This commentary was originally featured in Forbes on June 9, 2017

(This piece was coauthored with Ronald L. Trowbridge, Ph. D., Trustee, Lone Star College System)

Campus protests are the new, fashionable zeitgeist.  Protesters have become emboldened, with virtual impunity.  It is quite conceivable that no well known Republican or conservative will any longer be permitted to speak on many college campuses.  The point survives the exaggeration.  We know with certainty that the zeitgeist will bode negatively, even destructively, against any speaker, conservative or even centrist.

To see this, we need only look at recent cases to glean that the precedent for protest has been firmly established.  We saw it, of course, at Middlebury College against Dr. Charles Murray.  The faculty fueled this fire when scores of them sent a letter to the president of the college, imploring her not to introduce Dr. Murray because such would make his presence on campus “legitimate.” Professor Allison Stanger, Dr. Murray’s chaperone, was injured by protestors and hospitalized.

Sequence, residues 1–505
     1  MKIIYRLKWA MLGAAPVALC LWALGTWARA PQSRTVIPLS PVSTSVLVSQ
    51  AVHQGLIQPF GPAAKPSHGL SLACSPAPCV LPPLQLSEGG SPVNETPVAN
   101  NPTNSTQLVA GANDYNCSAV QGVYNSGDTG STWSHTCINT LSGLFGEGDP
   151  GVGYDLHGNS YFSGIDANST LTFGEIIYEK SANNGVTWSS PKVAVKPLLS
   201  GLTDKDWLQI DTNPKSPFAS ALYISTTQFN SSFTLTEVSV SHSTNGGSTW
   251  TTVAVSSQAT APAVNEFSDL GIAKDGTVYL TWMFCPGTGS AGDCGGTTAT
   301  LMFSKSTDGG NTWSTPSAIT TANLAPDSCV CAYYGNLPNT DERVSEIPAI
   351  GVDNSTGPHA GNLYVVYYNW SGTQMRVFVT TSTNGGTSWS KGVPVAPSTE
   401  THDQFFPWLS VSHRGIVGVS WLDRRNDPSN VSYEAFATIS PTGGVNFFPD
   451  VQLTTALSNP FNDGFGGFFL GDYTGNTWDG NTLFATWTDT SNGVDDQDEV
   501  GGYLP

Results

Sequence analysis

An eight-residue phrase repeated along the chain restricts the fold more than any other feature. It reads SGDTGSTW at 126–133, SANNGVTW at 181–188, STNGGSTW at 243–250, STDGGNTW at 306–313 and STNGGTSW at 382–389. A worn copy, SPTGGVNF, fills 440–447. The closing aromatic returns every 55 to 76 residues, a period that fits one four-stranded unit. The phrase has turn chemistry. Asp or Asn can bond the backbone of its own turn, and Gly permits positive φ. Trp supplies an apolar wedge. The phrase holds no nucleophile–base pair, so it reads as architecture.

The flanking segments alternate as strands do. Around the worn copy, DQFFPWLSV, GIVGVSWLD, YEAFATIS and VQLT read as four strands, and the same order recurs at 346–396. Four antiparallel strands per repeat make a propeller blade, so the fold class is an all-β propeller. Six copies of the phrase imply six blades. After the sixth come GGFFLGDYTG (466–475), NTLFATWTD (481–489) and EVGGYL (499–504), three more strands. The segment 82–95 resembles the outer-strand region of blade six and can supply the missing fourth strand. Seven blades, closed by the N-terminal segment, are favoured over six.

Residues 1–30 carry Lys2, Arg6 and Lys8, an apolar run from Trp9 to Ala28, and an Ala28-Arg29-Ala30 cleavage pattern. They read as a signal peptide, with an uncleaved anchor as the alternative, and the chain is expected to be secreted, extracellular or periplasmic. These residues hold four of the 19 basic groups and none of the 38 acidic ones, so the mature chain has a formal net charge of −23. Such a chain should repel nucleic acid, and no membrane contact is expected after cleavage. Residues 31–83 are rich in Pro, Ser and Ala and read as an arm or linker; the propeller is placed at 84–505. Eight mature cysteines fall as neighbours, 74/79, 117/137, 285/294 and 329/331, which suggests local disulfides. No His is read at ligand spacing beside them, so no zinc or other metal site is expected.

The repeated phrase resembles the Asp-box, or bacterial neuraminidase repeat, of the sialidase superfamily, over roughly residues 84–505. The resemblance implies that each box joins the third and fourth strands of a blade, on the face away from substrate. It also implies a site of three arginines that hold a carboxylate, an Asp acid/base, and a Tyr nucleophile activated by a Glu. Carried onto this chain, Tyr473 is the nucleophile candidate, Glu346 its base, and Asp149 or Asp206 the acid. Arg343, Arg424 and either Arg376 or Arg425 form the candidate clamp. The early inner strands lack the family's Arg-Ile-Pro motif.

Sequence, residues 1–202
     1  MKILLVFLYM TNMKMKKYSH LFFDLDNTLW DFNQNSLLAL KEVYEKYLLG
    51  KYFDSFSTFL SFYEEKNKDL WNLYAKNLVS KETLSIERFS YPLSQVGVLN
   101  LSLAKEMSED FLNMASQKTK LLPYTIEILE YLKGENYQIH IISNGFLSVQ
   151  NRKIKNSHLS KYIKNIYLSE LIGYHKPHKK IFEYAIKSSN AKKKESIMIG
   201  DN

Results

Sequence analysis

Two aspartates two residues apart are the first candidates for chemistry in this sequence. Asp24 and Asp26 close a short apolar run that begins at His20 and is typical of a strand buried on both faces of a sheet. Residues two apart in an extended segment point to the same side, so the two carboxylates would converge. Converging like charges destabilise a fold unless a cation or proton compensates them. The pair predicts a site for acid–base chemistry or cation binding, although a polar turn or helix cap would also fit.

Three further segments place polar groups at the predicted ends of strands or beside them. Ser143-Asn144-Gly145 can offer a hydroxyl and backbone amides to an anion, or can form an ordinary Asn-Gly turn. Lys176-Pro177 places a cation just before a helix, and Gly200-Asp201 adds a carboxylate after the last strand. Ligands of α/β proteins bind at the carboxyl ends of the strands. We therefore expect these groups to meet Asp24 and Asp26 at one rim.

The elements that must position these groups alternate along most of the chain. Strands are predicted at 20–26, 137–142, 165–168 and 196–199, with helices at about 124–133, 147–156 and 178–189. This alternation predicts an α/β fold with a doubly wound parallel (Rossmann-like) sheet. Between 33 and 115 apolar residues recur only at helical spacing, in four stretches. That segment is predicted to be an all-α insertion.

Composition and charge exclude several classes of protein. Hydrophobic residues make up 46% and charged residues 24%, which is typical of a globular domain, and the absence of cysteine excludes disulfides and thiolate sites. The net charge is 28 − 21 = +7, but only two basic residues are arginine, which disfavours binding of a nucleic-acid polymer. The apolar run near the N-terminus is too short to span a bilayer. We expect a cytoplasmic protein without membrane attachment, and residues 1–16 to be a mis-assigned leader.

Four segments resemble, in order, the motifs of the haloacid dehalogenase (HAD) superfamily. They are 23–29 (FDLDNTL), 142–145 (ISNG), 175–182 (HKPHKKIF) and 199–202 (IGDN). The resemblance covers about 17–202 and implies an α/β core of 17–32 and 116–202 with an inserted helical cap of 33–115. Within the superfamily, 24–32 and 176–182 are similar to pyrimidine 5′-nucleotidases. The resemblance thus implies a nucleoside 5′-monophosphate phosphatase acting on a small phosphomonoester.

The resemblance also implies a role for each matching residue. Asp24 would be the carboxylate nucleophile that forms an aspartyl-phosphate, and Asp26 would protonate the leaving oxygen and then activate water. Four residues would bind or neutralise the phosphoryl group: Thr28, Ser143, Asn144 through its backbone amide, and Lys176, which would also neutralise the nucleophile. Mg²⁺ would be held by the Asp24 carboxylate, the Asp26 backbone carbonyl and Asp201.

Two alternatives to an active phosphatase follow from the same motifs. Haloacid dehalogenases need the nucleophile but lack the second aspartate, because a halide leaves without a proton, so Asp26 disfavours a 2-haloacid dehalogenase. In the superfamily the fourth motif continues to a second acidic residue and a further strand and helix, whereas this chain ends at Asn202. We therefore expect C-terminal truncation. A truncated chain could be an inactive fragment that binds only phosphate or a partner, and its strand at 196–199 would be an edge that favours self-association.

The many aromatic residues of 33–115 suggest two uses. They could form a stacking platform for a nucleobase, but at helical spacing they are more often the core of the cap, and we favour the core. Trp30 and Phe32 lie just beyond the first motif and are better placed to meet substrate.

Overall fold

We saw it at UC Berkeley, even before Ann Coulter appeared on campus, with masked protesters throwing rocks, breaking windows, and setting fires.  We saw it, too, at Claremont College, where conservative writer Heather MacDonald was not permitted to speak.  We saw it at Bethune-Cookman University, where during her commencement address, Secretary Betsy DeVos was booed and shouted down repeatedly.

And we saw it at Texas Southern University, where 863 people signed a petition demanding that U. S. Senator John Cornyn not be permitted to give his earlier scheduled commencement address.  His appearance was cancelled the day before commencement, owing to credible threats of protest violence.  People would get hurt, property, damaged.